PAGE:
We are deeply sorry for your loss - the staff at Hennessey Funeral Home & Crematory
Deborah (Debbie) Lincoln O’Dell was born on July 22, 1931 in Ann Arbor, Michigan to Joseph and Winifred Hobbs Lincoln. Debbie lost her father when she was twelve and her mother a few years later. She and her elder brother, Richard, were raised by their grandfather, Professor William H. Hobbs, an arctic explorer and professor of geology at the University of Michigan.
Debbie recalled that she was “always in trouble” as a child. She often came home late for dinner because she was out playing “Kick the Can” with children in the neighborhood. She continued to stay out late even though she was often punished for disrupting the family’s dinner hour. She would say, “Kick the Can was just so much fun!” Deborah’s independent and feisty spirit persisted throughout her life.
Debbie attended the University of Michigan and completed a Bachelor of Arts in Art History, specializing in Medieval Art. After graduating, she became a stewardess for United Airlines during the pioneering years of commercial aviation, where she primarily served the Chicago to Boston route.
Debbie was introduced to her future husband by a mutual friend. Frederick (Fred) C. O’Dell, Jr. grew up a few doors down the street from Debbie in Ann Arbor, but being seven years older, he had taken little notice of her. He was famously known to have said, “that brat?” when their friend suggested he consider calling Debbie for a date.
In 1955, Deborah and Fred were married. Soon afterwards they moved to England where Fred had a surgical residency at St. Bartholomew’s Hospital in London. Debbie enrolled in the famous Cordon Bleu Cooking school to study French cuisine, and also learned Swedish handloom-weaving.
When they returned to Ann Arbor in 1957, Deborah was expecting. Three weeks after the birth of their daughter, Winifred, they moved to Alpena where Fred established a medical practice focusing on general surgery. They proceeded to enlarge their family to include two more daughters, Catherine (Cathy) and Mary (Molly) Lincoln.
Debbie was a devoted wife and mother who believed in service to the Alpena community. She was a member of the Trinity Episcopal Church where she served on the Women’s Auxiliary Committee. She supported the arts through years of serving on the membership committee with Alpena Community Concerts. She organized events at her home to introduce the community to the Civic theater. She tutored children with reading difficulties through the Alpena Public Library. She was also a Brownie Girl Scout leader, a member of the League of Women Voters, and a charter member of the Alpena Audubon Society. Debbie and Fred hosted international exchange students through Rotary and foreign students at Alpena Community College.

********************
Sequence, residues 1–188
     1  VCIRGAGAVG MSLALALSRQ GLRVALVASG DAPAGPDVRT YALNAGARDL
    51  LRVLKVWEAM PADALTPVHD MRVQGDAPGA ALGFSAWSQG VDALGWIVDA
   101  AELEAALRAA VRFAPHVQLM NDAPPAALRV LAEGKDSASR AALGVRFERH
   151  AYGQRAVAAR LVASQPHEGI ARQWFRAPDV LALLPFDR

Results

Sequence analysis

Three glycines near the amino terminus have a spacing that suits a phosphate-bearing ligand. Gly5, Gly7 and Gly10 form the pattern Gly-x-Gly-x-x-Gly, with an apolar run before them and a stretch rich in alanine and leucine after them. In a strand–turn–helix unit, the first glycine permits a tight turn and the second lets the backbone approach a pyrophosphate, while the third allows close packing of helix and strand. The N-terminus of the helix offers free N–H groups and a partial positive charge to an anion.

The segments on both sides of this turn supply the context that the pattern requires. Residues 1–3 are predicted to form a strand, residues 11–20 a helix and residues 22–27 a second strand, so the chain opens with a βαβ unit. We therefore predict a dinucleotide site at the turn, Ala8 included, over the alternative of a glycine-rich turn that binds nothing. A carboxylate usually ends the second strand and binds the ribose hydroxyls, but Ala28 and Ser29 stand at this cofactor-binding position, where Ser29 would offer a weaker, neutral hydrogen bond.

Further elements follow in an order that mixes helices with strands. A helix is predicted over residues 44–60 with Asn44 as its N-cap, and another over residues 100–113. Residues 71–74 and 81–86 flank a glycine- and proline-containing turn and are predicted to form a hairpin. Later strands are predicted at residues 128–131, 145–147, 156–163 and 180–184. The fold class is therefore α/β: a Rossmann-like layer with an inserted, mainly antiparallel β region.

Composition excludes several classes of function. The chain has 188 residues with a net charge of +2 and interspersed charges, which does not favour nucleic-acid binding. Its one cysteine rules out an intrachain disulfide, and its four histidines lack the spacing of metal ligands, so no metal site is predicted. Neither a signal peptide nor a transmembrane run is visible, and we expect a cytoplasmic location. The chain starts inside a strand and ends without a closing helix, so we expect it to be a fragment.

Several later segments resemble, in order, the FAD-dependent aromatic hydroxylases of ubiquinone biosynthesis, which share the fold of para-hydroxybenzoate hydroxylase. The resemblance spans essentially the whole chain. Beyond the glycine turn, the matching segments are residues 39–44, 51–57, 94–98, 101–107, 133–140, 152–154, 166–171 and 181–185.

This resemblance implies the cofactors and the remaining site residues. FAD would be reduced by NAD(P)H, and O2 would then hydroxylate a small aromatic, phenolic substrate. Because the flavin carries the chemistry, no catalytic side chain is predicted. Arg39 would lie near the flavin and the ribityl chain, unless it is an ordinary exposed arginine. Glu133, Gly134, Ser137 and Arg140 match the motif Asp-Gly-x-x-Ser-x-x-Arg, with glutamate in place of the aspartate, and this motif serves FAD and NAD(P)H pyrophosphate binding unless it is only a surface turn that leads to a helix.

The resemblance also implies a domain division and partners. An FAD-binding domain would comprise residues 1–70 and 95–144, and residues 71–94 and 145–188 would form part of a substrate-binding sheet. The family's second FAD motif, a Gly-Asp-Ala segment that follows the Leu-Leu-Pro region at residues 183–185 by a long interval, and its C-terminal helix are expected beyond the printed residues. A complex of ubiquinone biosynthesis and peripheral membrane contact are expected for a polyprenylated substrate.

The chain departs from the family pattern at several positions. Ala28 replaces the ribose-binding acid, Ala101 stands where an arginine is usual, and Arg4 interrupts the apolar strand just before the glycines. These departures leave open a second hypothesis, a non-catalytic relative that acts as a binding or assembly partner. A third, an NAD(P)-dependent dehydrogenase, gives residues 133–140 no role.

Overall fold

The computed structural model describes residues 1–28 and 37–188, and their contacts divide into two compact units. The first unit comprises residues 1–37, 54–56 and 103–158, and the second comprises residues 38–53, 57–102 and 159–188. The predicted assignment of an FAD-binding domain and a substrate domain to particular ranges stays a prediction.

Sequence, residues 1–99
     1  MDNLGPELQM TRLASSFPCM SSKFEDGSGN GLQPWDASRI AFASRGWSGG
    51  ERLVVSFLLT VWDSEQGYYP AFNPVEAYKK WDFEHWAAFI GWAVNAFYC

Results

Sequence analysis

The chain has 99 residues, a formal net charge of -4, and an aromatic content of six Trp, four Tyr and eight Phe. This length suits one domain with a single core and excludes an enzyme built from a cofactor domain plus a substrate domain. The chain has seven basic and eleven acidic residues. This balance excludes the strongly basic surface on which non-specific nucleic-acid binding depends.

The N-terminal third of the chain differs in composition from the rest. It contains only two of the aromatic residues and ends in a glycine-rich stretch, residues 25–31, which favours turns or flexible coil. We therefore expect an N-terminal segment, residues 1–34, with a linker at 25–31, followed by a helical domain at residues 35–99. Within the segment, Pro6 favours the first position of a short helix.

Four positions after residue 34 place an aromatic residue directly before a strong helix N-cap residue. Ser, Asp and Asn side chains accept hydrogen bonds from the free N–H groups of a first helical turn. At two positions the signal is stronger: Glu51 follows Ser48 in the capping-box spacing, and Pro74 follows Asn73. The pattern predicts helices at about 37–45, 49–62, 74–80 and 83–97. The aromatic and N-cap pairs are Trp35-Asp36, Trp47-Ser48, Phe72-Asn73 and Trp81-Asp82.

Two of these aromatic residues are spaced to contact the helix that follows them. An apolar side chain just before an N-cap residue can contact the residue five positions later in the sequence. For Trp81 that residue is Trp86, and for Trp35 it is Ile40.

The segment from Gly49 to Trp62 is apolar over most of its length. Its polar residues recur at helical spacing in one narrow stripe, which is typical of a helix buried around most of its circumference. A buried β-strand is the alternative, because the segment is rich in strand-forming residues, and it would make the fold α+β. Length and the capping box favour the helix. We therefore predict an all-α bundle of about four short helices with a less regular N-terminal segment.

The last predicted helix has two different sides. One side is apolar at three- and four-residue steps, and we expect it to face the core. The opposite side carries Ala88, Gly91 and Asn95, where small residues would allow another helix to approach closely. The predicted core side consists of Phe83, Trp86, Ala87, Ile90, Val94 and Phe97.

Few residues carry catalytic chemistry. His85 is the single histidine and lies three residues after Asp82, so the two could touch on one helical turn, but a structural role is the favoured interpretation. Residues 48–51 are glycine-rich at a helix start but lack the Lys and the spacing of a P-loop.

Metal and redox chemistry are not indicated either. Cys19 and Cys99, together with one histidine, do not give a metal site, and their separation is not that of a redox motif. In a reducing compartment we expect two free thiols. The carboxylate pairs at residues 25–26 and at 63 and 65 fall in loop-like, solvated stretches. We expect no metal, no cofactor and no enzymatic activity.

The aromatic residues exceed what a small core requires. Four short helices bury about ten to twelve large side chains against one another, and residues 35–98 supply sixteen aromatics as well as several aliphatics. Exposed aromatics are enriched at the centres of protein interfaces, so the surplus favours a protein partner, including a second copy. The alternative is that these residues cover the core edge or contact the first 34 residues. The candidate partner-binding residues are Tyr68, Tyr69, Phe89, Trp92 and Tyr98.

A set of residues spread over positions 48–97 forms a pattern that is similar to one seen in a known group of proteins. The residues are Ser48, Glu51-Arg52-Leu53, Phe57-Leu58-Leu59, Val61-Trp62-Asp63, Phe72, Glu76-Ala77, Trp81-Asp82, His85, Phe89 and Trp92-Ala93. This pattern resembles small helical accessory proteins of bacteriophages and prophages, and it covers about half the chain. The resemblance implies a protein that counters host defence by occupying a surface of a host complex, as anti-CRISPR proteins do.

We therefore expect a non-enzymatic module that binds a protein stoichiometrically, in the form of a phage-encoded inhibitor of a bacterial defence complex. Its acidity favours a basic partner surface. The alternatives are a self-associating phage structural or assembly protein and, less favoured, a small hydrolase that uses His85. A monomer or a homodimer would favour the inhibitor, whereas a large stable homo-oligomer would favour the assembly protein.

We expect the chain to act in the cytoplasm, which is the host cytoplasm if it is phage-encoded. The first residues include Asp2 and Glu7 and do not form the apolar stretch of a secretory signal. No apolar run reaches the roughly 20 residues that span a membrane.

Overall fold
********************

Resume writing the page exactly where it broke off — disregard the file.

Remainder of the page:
Debbie and Fred loved Alpena. They both loved the outdoors, and Debbie was an enthusiastic participant in their shared activities including sailing, hiking, tennis, bicycling, partridge hunting, and cross-country skiing. They thoroughly enjoyed the many strong friendships they built through these activities and being members of the Alpena Yacht Club, Lake Winyah Club, and several friend group social clubs.
But Debbie also enjoyed quieter activities, particularly cooking, gardening, birdwatching, reading, and various hand crafts, including being a weaver with the local fiber arts guild. For years she planted a sizable vegetable garden utilizing organic gardening principles; she also established an asparagus bed, and several flower gardens at her home including a tiered Iris garden and an English garden with delphinium, columbine, hollyhocks and primroses. Summers would find her morel hunting, berry picking, and harvesting apricots, plums and peaches and then canning and freezing the produce. She was famous for orange marmalade, bread and butter pickles, canned peaches and applesauce. She made oatmeal bread, rhubarb and cherry pies, popovers and steamed cranberry puddings. She was well known for the lovely meals she prepared and served regularly; her husband Fred was exceedingly appreciative, frequently saying: “Every meal a feast in this house”.
When Fred took ill in his later years, Deborah insisted that she care for him on her own, much to the chagrin of her daughters. She continued to take Fred to concerts in Ann Arbor and on drives to their beloved Ossineke State Park. Eventually, more help was needed: Debbie and Fred enjoyed the care and extraordinary friendship of several devoted caregivers and friends, some new and many old. After Fred died in 2013, Deborah continued to live in her beloved Alpena for five years, at which point her daughters managed to move her to Spokane, Washington, near Molly. There, at the Rockwood Retirement and Care Center, she was beloved for her positive attitude, feisty spirit, beautiful smile and the twinkle in her eye.
Deborah is survived by her three daughters, Winifred (Brett Tan), Catherine, and Molly (Gary Coulter); six grandchildren: Reed, Lydia and Sara Tan, Frederick (Freddy) Wieffering (Kristina Ortmann) and Helen Wieffering; and C. Scott Coulter; and one great-grandchild, Frederick (Fritz) Wieffering.
A memorial service will take place in Alpena, Michigan in late June. In lieu of flowers, contributions are suggested to Rockwood Foundation, Hospice of Spokane, or Free Rein Therapeutic Riding.